Exodus 20:14 Thou shalt not commit adultery.
Adultery: woman that breaketh wedlock [Strong's Concordance]
Divorce Records in the Public Record Office
Legal Records Information 18
History of the Divorce Law
Under early Catholic church law there was no such thing as divorce. Death was the only agent for the permanent dissolution of a marriage. Although Henry VIII had dissolved several of his marriages, there was no general divorce in the sense that these marriages were dissolved by a formalised legal process. By the end of the sixteenth century and despite the introduction of a reformed Protestant religion, England was the only European Protestant country to have no divorce law as such. There was no legal change in the law of divorce before 1857, and fundamental changes in practice and attitudes came only in the twentieth century.
In practice, however, various remedies were found to separate partners in unsatisfactory marriages. These remedies were available through the church courts, through the common law courts and through parliament. There were five main methods:
1. Judicial Separation by the Ecclesiastical Courts
Judicial separations were authorised through the ecclesiastical courts, usually in the local consistory court with right of appeal to the archbishop's court. The Court of Arches (Province of Canterbury) had the right of appeal to the High Court of Delegates. The cases so started were rarely fought to a finish, as often the suits were undertaken to bring one of the parties to terms. If one of the parties appealed to the High Court of Delegates, which retained rights of appeal from ecclesiastical courts between 1532 and 1834, the case would be suspended and transferred to that court for a hearing.
There were several different types of judicial separation, the most common of which was:
Records of the consistory courts are held locally. The records of the Court of Arches are available at the Lambeth Palace Library, and those of the Consistory court of York at the Borthwick Institute of Historical Research.
2. Full Divorce by Act of Parliament
In 1670 came the first true parliamentary divorce, between John Manners, Lord Roos, and Lady Anne Pierpont. It created a precedent for parliamentary divorces which were brought only on the grounds of the wife's adultery and were designed to safeguard property rights of a particular family, which would be undermined if illegitimate offspring were included among the legal heirs.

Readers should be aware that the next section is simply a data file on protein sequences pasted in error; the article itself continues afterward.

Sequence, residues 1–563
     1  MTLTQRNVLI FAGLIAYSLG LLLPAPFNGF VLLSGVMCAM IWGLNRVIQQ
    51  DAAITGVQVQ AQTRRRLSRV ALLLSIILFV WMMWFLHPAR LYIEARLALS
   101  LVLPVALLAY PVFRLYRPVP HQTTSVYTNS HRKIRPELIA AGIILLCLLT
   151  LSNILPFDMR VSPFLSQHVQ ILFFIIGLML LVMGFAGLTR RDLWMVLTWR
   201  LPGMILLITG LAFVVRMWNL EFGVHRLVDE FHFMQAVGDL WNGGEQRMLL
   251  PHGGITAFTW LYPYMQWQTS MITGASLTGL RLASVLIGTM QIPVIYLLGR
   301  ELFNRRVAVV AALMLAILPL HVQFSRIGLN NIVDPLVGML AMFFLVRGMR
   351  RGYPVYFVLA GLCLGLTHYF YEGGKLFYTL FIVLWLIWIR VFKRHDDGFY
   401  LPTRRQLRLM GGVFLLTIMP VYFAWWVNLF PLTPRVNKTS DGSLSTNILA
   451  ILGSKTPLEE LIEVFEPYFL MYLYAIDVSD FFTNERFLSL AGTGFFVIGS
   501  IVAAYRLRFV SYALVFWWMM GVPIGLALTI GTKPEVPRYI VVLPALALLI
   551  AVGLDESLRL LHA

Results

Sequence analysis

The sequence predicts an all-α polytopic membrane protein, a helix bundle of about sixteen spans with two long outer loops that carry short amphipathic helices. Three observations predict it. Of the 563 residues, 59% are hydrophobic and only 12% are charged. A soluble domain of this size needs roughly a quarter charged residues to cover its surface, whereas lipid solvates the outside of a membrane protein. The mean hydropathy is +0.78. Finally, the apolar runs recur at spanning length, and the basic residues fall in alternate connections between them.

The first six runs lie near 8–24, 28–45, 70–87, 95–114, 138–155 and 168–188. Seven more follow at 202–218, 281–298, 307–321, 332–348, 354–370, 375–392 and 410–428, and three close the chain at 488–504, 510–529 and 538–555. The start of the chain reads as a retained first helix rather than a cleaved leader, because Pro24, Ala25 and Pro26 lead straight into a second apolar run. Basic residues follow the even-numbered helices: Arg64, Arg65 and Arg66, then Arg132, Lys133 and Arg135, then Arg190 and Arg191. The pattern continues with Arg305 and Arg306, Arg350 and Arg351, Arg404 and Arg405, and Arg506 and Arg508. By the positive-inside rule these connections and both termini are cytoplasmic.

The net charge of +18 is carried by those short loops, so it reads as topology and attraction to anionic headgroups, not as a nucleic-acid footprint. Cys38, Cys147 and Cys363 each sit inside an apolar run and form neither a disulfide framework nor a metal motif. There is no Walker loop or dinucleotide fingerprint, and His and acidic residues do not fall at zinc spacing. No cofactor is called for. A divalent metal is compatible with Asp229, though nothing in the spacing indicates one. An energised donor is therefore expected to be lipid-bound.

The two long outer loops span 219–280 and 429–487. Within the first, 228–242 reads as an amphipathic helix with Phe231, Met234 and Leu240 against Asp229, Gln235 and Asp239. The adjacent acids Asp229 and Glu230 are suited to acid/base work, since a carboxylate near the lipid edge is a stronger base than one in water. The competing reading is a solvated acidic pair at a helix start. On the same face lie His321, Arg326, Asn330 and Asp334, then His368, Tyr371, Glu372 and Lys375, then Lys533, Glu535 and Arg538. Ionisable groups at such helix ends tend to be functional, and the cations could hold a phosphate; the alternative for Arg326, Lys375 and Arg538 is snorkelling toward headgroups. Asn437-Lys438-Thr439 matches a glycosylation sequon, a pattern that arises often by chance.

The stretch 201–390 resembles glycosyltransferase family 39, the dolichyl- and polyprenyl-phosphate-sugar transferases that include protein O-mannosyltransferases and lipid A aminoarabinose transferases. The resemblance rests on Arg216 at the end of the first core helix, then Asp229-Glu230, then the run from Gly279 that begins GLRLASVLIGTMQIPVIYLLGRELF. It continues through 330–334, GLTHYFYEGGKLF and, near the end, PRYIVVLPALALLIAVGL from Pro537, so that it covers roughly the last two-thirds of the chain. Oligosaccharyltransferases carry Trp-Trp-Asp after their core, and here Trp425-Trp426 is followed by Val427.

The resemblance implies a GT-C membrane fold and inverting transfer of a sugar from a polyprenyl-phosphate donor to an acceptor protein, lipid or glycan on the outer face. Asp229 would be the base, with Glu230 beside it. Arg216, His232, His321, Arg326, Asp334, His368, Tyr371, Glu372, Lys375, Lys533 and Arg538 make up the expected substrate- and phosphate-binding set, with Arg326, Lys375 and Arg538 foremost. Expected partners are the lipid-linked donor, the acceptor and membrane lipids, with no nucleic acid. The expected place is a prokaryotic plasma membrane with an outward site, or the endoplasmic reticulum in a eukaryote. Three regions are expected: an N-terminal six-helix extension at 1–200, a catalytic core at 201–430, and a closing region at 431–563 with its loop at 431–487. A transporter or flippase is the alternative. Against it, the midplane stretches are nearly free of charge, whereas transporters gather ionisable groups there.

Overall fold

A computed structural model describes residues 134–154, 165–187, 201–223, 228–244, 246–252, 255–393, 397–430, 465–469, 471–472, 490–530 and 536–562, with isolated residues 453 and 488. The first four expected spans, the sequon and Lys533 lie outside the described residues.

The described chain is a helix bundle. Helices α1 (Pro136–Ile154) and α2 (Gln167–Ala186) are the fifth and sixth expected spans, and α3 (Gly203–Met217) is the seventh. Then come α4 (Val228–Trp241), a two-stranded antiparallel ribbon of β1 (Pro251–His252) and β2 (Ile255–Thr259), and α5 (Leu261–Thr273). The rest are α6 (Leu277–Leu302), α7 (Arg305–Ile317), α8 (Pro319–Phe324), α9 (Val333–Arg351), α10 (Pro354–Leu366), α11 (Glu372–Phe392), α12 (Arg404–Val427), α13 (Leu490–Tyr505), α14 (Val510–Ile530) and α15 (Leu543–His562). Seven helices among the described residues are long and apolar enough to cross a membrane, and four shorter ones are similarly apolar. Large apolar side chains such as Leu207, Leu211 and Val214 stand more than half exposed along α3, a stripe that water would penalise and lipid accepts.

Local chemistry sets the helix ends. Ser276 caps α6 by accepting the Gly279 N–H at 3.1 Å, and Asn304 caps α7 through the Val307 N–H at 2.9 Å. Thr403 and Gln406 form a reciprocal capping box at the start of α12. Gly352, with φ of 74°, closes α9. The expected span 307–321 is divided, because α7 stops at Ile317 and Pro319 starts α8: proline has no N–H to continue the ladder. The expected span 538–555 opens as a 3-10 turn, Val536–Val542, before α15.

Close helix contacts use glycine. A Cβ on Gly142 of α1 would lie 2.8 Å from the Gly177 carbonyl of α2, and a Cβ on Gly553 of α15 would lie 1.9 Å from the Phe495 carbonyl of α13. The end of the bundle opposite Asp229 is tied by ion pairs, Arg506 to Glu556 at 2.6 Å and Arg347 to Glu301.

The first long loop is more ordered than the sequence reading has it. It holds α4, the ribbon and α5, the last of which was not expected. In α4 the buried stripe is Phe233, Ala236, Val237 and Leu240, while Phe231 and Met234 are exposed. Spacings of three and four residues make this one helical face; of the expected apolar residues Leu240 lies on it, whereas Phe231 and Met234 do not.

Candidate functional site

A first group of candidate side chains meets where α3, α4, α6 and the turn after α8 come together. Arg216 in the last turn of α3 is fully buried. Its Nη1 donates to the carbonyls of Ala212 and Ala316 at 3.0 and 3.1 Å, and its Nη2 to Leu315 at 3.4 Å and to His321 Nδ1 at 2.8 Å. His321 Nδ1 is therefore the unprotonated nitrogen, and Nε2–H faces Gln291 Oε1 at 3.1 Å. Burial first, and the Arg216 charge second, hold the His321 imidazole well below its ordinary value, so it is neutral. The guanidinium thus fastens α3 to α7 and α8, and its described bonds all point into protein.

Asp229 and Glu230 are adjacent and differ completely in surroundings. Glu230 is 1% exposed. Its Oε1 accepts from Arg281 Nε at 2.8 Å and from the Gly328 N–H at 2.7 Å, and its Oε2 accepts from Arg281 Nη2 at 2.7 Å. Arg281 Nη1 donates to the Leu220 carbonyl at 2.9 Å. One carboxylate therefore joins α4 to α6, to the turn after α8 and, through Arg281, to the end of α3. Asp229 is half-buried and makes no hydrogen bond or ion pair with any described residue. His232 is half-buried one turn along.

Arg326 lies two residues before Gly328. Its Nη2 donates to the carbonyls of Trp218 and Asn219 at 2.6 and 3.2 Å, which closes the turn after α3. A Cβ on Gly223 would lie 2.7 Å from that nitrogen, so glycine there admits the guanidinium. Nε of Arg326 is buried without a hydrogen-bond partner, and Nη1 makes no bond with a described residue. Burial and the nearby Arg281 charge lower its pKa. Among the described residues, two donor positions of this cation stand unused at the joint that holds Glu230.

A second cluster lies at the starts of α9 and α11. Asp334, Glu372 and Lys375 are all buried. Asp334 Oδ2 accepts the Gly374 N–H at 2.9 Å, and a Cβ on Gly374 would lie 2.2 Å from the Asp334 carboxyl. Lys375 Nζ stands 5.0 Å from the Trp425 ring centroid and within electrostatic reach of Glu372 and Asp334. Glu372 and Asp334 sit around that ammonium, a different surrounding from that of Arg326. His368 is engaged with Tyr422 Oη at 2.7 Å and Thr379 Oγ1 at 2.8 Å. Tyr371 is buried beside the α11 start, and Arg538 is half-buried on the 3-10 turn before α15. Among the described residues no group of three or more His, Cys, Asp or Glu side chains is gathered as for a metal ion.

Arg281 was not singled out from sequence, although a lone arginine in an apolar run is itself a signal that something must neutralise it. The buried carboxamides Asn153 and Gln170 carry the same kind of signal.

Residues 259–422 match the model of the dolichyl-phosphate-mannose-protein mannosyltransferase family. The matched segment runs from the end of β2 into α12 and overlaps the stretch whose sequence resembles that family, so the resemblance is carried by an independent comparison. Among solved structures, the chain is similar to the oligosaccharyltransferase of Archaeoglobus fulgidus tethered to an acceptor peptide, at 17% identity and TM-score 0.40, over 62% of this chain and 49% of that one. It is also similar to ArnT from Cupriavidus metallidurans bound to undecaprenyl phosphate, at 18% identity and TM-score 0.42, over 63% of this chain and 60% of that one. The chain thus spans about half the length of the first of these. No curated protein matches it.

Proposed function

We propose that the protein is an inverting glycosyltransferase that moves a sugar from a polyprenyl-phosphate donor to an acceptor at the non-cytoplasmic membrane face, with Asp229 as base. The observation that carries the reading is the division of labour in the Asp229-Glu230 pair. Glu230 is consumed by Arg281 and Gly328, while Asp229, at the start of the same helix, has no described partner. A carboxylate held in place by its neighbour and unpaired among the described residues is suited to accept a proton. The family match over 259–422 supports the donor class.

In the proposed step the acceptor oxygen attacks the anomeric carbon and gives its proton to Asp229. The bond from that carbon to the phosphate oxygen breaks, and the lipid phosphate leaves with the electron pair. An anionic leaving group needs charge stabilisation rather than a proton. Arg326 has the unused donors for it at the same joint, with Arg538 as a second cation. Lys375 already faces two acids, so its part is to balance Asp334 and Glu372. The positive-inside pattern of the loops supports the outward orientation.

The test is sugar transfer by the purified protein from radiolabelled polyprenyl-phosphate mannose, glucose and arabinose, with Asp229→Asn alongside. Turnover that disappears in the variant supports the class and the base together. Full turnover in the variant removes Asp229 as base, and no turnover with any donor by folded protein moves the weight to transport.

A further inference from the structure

Private divorce acts are mainly to be found at the House of Lords Record Office, although there are a few examples among the public records (see below).
Divorces in parliament could be preceded by the Action for Criminal Conversation. (Crim. con). This was a civil suit for the recovery of damages against the spouse's partner in adultery. This action had originated as the common law courts of King's Bench and Common Pleas extended the range of the action of trespass to provide a legal remedy for the husband against the seducer of his wife. In the late seventeenth century and early eighteenth century these were commonly sued through the court of King's Bench. In 1809 the House of Lords ordered that every divorce bill should be accompanied by the transcript of a preliminary trial for criminal conversation. This suit was illegal in Scotland.
3. Private Separation
This originated during the Interregnum as a result of the legal and administrative disorder of the marriage and separation processes. The conditions of separation were drawn up in a private deed between the husband and the trustee of the wife, the latter having no legal personality in common law. They settled into a common form by c.1730, and included provision for children, and some legal safeguards for the wife, the husband giving a bond to provide a maintenance allowance. By the late seventeenth century cases were brought in Chancery in an attempt to enforce the deeds against defaulting parties.
The passing of the divorce act in 1857 did not affect the use of these deeds as the law made no provision for the ending of marriages on the grounds of incompatibility.
Cases before Chancery may be traced in the records held at the Public Record Office, but before commencing a search it is necessary to know the names of the parties and the approximate date. There may also be records of the deed, and family correspondence, amongst family or estate records. These collections are usually held locally and can be traced through the National Register of Archives which is held at the Historical Manuscripts Commission.
4. Desertion and Elopement
When little or no property was involved this was the simplest solution. However neither party was free to legally marry again. There are occasionally applications for relief by the deserted wife among the Quarter Sessions records held locally, as under statue law a deserted wife became chargeable to the parish.
5. Wife Sale
This was a form of public which took place on market day, usually with pre-arranged bidding. It fulfilled the function of providing a symbolic transfer of person, property and responsibility. There could even be a deed of sale, though survival of these is extremely rare. Reports of wife sales may occasionally be found in Quarter Sessions records and local newspapers. Since many of these marriages were based on informal contract this was a wholly different type of 'marriage' and 'divorce'.